The four subprojects will complement each other and provide a comprehensive evaluation of the supranational sanctioning policy of the European Union between 1990 and 2014. To this end, the EUSANCT team will extend existing data sets on the threats and imposition of economic sanctions and use a broad mix of quantitative and qualitative techniques to answers the questions raised within the different subprojects. The project will enlighten academic and policy audiences about the chances and limitations of EU sanctions and discuss how the design of sanctions influences their impact and effectiveness. 

Project duration: 01.06.2016 - 31.05.2019

Principal investigators: Prof. Dr. Paulina Pospieszna (Adam Mickiewicz University of Poznan, Poland), Prof. Dr. Gerald Schneider (University of Konstanz, Germany)

Governing the Resource-Violence Nexus (GRVN): Commodity Management and Internal Violence

The resource curse literature has argued that an abundance of natural resources depresses a country’s economic growth and spurs the risk of the intrastate war. Yet, not all resource-rich countries experience violent conflict. Understanding such variation between peace and social instability requires a systematic analysis of how states regulate access to these abundant resources and try to solve uprisings and conflicts over them. This is the basic premise of the research project “Governing the Resource-Violence Nexus” (GRVN); it advances the proposition that this puzzling diversity of outcomes can be traced with considerable accuracy to the governance of commodities and resources.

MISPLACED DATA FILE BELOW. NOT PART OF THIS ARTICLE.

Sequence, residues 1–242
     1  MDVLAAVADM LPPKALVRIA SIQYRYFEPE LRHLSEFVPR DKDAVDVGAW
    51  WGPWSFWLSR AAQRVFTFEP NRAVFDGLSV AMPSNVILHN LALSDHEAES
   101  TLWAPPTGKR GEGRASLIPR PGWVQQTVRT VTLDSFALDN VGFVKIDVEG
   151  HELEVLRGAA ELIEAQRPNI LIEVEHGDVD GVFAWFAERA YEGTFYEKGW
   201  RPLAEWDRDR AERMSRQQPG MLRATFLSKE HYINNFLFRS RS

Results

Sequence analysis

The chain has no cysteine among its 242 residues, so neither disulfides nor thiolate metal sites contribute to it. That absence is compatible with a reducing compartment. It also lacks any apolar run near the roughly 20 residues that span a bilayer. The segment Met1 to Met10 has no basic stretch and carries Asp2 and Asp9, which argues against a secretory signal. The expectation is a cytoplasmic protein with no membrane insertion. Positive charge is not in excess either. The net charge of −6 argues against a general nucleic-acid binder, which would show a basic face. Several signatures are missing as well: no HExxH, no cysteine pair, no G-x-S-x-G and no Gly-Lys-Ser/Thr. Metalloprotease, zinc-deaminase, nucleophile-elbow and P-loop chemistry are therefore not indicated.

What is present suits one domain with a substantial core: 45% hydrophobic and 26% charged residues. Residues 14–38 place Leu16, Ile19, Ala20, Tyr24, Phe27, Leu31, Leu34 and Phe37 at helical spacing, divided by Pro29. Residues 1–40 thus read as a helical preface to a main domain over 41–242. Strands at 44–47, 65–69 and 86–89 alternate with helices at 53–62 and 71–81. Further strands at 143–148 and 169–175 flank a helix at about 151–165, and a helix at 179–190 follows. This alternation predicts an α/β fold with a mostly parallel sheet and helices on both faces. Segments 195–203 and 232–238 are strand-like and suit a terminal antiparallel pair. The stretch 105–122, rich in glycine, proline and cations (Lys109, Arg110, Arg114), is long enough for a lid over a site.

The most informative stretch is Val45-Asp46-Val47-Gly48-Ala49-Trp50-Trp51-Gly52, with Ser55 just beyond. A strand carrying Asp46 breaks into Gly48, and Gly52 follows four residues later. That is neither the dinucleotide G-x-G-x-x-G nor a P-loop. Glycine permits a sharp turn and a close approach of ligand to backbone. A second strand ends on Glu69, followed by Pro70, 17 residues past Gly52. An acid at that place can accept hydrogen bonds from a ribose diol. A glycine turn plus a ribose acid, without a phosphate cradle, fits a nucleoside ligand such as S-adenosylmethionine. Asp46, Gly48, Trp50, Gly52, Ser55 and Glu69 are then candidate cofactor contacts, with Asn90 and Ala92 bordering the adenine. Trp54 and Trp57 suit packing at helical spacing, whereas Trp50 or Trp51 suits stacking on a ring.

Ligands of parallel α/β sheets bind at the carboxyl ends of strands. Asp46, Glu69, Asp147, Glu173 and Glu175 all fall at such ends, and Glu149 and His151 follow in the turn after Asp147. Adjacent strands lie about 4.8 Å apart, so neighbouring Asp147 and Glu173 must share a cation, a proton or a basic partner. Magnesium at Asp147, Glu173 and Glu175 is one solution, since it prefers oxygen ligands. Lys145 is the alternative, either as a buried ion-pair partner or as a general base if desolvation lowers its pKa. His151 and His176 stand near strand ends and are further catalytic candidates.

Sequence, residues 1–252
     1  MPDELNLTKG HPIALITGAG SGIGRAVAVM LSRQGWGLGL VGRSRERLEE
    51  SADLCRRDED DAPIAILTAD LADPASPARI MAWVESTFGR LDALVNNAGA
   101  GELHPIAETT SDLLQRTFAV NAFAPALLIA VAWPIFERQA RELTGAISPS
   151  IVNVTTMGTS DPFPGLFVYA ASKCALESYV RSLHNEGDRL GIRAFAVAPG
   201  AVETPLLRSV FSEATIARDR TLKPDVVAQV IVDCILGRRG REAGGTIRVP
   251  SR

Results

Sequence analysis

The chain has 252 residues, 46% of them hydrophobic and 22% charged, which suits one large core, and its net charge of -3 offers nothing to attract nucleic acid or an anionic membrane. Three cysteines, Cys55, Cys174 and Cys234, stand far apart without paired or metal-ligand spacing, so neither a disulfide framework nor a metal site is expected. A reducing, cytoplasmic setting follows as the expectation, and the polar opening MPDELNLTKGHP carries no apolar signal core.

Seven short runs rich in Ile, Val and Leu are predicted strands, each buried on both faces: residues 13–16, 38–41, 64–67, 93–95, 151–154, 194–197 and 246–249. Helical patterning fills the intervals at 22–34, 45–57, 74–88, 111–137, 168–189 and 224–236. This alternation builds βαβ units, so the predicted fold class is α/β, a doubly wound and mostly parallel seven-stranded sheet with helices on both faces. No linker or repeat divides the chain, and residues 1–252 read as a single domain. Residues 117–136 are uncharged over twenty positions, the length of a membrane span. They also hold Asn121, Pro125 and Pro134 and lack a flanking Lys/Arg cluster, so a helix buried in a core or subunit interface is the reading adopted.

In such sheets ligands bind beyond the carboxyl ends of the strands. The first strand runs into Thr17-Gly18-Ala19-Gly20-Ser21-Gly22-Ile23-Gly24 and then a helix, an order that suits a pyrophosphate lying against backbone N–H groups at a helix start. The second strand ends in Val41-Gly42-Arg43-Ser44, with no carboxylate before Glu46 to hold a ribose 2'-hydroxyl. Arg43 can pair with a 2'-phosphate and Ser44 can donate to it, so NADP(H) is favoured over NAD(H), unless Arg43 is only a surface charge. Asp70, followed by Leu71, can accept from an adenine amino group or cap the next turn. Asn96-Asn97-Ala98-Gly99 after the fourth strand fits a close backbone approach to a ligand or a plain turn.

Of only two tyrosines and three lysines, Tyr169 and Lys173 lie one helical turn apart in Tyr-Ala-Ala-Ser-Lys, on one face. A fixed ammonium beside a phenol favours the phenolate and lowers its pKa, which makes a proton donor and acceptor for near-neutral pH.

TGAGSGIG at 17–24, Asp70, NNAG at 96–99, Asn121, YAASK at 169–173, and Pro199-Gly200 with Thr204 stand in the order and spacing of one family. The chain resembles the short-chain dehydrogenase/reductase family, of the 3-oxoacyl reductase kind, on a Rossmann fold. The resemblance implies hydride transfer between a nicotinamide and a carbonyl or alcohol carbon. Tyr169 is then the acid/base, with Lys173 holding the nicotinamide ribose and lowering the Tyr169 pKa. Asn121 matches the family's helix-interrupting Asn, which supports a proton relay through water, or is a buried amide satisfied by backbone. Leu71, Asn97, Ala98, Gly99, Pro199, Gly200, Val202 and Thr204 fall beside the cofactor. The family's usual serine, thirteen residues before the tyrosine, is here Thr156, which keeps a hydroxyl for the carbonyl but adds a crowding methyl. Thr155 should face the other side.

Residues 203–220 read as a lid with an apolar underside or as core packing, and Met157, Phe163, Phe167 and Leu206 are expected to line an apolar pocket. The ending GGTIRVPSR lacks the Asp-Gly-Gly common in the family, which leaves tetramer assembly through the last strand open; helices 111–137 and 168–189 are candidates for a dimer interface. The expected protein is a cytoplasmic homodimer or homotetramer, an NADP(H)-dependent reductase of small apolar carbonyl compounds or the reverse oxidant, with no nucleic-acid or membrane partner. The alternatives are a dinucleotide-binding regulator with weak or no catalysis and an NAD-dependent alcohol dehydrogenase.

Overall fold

For this purpose, the GRVN project will focus on two interrelated topics, namely resource access governance and the design of natural resource management. While we will test whether the type of ownership structure (private versus public / domestic versus foreign) is associated with the conflict potential of a country or region, we further differentiate between specific characteristics of resource management designs (e.g., specific contractual terms of resource exploration, competition structure within the resource extracting sector, inclusion of the local population in managerial decisions, among others) in a more detailed manner. Thus, the project will also explore the conditions under which specific resource governance structures affect the risk of domestic conflict.   

As the comprehensive analysis of resource conflicts and their avoidance requires a systematic database, we will build a global dataset on resource governance covering commodities such as oil or natural gas. Relying on a mixture of advanced tools in formal theory, econometrics and qualitative research techniques, the project intends to show which form of resource conflict management allows states to evade unjust arrangements and political violence. Internal conflict will be defined in broad terms, ranging from major civil wars over coup d’états to the exertion of violence against ethnic minorities.

Project duration: 36 months (from 2011) and extended project 01.07.2015 - 30.06.2017

Principal investigators: Prof. Dr. Gerald Schneider (University of Konstanz), Dr. Tim Wegenast (University of Konstanz)

Anneliese Maier Research Award: Modeling Conflict, Mobilization, and Violence

Funding: Alexander von Humboldt-Stiftung


Project duration: 2015-2020

Principal investigators: Prof. Dr. Kristian Gleditsch (University of Essex, UK), Prof. Dr. Gerald Schneider (University of Konstanz, Germany)